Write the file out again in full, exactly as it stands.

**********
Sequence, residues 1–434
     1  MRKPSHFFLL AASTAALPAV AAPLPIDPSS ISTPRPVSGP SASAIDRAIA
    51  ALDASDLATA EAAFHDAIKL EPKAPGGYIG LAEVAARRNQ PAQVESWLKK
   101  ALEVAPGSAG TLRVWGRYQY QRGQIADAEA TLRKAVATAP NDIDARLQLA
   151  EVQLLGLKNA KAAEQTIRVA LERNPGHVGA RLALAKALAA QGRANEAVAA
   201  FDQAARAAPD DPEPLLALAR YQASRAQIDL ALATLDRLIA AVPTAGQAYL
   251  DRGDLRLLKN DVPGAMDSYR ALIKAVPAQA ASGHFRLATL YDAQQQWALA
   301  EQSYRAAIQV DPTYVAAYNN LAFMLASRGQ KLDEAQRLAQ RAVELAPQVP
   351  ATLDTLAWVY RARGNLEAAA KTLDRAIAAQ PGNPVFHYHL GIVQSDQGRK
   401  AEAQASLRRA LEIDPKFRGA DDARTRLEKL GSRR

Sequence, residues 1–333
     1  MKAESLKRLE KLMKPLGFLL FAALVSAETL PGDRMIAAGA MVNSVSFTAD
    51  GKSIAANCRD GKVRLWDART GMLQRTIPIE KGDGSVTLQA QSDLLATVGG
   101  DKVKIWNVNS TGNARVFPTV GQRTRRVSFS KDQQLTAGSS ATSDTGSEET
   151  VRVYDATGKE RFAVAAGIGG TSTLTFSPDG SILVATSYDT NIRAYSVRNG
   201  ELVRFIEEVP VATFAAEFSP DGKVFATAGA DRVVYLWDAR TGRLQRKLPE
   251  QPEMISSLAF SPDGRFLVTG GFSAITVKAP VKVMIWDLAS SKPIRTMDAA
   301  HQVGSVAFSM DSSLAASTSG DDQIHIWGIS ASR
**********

Sequence, residues 1–434
     1  MRKPSHFFLL AASTAALPAV AAPLPIDPSS ISTPRPVSGP SASAIDRAIA
    51  ALDASDLATA EAAFHDAIKL EPKAPGGYIG LAEVAARRNQ PAQVESWLKK
   101  ALEVAPGSAG TLRVWGRYQY QRGQIADAEA TLRKAVATAP NDIDARLQLA
   151  EVQLLGLKNA KAAEQTIRVA LERNPGHVGA RLALAKALAA QGRANEAVAA
   201  FDQAARAAPD DPEPLLALAR YQASRAQIDL ALATLDRLIA AVPTAGQAYL
   251  DRGDLRLLKN DVPGAMDSYR ALIKAVPAQA ASGHFRLATL YDAQQQWALA
   301  EQSYRAAIQV DPTYVAAYNN LAFMLASRGQ KLDEAQRLAQ RAVELAPQVP
   351  ATLDTLAWVY RARGNLEAAA KTLDRAIAAQ PGNPVFHYHL GIVQSDQGRK
   401  AEAQASLRRA LEIDPKFRGA DDARTRLEKL GSRR

Sequence, residues 1–333
     1  MKAESLKRLE KLMKPLGFLL FAALVSAETL PGDRMIAAGA MVNSVSFTAD
    51  GKSIAANCRD GKVRLWDART GMLQRTIPIE KGDGSVTLQA QSDLLATVGG
   101  DKVKIWNVNS TGNARVFPTV GQRTRRVSFS KDQQLTAGSS ATSDTGSEET
   151  VRVYDATGKE RFAVAAGIGG TSTLTFSPDG SILVATSYDT NIRAYSVRNG
   201  ELVRFIEEVP VATFAAEFSP DGKVFATAGA DRVVYLWDAR TGRLQRKLPE
   251  QPEMISSLAF SPDGRFLVTG GFSAITVKAP VKVMIWDLAS SKPIRTMDAA
   301  HQVGSVAFSM DSSLAASTSG DDQIHIWGIS ASR